Trump moves to restore UN Iran sanctions
The United States slapped additional sanctions on Iran on Monday after the Trump administration’s disputed unilateral weekend declaration that all United Nations penalties eased under the 2015 nuclear deal had been restored.
The announcement came in defiance of nearly all UN members, including US allies in Europe, who have rejected US legal standing to impose the international sanctions. It set the stage for an ugly showdown at the annual UN General Assembly this week and also came as President Donald Trump seeks to portray himself as a champion for Middle East stability ahead of November’s presidential election.
In addition to his actions against Iran, Trump just last week witnessed the signing of agreements normalising relations between Israel and the United Arab Emirates and Bahrain, both of which reflect increased regional concerns about Iran. Similar US-brokered deals between Israel and Arab states are expected in the coming days and weeks.
“The United States has now restored UN sanctions on Iran,” Trump said in a statement issued shortly after he signed an executive order spelling out how the US will enforce the “snapback” of the sanctions. “My actions today send a clear message to the Iranian regime and those in the international community who refuse to stand up to Iran”.
The sanctions include freezes on any assets those targeted may have in US jurisdictions, bar Americans from doing business with them, and, perhaps most importantly, open up foreign governments, companies and individuals to US penalties if they engage in transactions with them.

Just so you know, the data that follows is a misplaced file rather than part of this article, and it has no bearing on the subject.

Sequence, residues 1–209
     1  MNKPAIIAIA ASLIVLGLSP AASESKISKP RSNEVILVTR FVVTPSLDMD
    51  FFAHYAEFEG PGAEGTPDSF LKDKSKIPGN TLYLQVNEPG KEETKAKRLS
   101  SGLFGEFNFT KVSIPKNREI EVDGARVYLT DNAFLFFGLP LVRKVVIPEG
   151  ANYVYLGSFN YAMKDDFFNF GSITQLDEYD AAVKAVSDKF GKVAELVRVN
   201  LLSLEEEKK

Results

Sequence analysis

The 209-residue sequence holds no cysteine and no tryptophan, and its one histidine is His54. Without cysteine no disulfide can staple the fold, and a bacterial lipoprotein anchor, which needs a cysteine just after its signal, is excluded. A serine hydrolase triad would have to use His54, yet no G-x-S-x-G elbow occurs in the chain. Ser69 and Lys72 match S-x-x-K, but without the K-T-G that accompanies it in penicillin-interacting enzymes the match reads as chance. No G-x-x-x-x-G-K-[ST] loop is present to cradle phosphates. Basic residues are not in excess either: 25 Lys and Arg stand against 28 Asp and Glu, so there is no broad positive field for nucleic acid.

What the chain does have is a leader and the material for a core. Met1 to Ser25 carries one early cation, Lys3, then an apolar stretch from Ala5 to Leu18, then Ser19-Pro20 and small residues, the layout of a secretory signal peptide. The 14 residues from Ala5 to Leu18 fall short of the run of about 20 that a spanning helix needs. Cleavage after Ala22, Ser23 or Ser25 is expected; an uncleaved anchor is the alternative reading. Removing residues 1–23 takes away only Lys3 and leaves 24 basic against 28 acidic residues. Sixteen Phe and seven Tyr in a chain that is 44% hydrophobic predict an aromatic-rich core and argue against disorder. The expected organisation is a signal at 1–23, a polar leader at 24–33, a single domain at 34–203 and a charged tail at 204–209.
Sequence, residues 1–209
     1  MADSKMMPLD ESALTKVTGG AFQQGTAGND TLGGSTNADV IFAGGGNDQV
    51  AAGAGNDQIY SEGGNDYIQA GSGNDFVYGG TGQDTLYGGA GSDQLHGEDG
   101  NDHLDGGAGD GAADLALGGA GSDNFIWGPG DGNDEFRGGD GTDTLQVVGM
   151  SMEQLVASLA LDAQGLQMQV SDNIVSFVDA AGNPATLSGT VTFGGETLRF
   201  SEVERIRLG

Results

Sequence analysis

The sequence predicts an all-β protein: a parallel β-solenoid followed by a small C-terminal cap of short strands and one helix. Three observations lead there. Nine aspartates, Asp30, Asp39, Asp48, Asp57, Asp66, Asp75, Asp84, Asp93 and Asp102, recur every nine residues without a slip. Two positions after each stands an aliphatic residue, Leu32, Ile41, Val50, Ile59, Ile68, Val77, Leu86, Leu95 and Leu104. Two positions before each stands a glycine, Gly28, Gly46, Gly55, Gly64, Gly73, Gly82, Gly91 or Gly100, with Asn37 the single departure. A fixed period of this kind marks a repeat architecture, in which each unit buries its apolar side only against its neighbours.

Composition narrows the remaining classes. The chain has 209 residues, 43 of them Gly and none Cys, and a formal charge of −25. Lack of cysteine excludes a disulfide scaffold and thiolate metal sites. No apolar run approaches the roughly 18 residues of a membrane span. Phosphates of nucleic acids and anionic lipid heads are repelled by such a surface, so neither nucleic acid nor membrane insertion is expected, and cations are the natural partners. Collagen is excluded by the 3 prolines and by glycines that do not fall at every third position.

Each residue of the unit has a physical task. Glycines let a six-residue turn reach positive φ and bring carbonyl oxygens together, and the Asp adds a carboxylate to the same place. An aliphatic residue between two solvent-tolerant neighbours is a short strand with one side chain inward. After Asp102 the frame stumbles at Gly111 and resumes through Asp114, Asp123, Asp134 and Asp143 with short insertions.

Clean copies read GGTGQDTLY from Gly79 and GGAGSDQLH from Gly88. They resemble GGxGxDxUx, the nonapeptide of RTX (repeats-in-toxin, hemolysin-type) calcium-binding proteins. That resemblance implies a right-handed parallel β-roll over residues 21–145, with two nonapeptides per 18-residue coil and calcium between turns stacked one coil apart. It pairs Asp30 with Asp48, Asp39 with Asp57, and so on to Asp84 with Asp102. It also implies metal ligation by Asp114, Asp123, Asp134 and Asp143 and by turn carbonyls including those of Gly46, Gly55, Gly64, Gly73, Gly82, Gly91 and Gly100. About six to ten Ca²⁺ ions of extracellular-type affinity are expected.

Speaking to reporters with fellow Cabinet secretaries at the State Department, Secretary of State Mike Pompeo announced that the administration was hitting more than two dozen Iranian individuals and institutions with penalties. “No matter who you are, if you violate the UN arms embargo on Iran you risk sanctions,” he said.
However, nearly all of the targets identified on Monday – including the Iranian defence ministry, its procurement arm, Iran’s atomic energy agency, several Iranian scientists and Venezuelan leader Nicolás Maduro – were already subject to US sanctions that the administration had reimposed after Trump withdrew from the nuclear deal in 2018.
Trump’s executive order mainly affects Iranian and foreign entities involved in conventional weapons and ballistic missile activity. A UN arms embargo on Iran is to expire in October under the terms of the nuclear deal, but Pompeo and others insist the snapback has rescinded its termination.
Accompanied by Treasury Secretary Stephen Mnuchin, Defense Secretary Mark Esper, Commerce Secretary Wilbur Ross, Ambassador to the United Nations Kelly Craft and national security adviser Robert O’Brien, Pompeo said the US was not acting alone but on behalf of the rest of the world, which is refusing to confront the Iranian threat.
“The country that’s isolated today is not the United States but, rather, Iran,” Pompeo said. “By these actions we have made very clear that every member state in the United Nations has a responsibility to enforce these sanctions. That certainly includes the United Kingdom, France and Germany. We will have every expectation that those nations enforce these sanctions.”